In focusing on fields of law governing the corporation throughout its life cycle, this Article builds on and extends beyond a body of work by scholars who have observed how environmental values and goals have permeated, or been embedded expressly within, areas of positive law outside of the traditional environmental law statutes, such as tax law, property law, administrative law, and civil rights law, among others. (16) It likewise builds on work by many scholars who have sought to expand our understanding of environmental law to incorporate a more nuanced view of the firm's role as a regulator or coparticipant in regulation with public institutions. (17) In my own prior work, I have argued that environmental regulatory programs can be fragmented across institutions beyond the Environmental Protection Agency (EPA). (18) Such institutions include federal agencies that have primary missions other than to promote environmental values; state and local governments; and private institutions like firms, nongovernmental organizations (NGOs), and industry associations. Yet to date, even this scholarship on environmentalism beyond environmental law has not offered an in-depth, holistic analysis of the positive law governing the corporation throughout its life cycle as a form of environmental law. (19)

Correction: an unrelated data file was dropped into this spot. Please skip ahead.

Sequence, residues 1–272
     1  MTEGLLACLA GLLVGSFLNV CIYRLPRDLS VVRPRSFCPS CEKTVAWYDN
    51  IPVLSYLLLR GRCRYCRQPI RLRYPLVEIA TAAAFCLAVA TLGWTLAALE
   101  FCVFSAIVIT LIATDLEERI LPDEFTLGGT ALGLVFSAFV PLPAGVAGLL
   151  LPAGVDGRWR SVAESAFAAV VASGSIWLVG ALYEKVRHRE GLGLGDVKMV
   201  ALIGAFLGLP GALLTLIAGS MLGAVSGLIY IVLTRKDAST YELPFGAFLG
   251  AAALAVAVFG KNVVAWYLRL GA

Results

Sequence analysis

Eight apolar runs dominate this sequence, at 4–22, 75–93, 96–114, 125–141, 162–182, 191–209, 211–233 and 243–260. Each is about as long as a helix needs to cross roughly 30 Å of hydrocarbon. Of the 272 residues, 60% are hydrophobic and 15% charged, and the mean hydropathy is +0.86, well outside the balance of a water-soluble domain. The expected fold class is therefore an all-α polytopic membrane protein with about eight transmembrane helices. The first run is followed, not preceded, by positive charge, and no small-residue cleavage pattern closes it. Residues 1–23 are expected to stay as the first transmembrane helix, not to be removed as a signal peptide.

To the extent that scholars have examined the connection between any one of these fields of corporate or business law (20) and the environment, they have tended to focus on each field in a siloed fashion--what Judge Frank Easterbrook would call a "law and" approach. (21) For example, many scholars of corporate law have examined the social responsibility of firms under principles of corporate law, including their environmental responsibility. (22) Several environmental law scholars have discussed the implications of specific U.S. Supreme Court cases or legal doctrines at the intersection of environmental law and individual fields such as bankruptcy law or corporate law. (23) A few scholars have examined the limiting implications of antitrust law for private industry collective action with respect to common pool resources. (24) Others have examined environmental disclosure requirements under securities regulations. (25) A robust discussion on the relationship between the firm and the environment has developed within management and business ethics scholarship about the duties that firm managers owe to different stakeholders to protect the environment, and the institutional differences that influence firms' environmental decisionmaking. (26)
This Article advances the discussion by viewing these fields of corporate and business law together as a single phenomenon with significant implications for firms' environmental decisionmaking. Unifying these otherwise disparate legal doctrines into a single constellation yields four insights.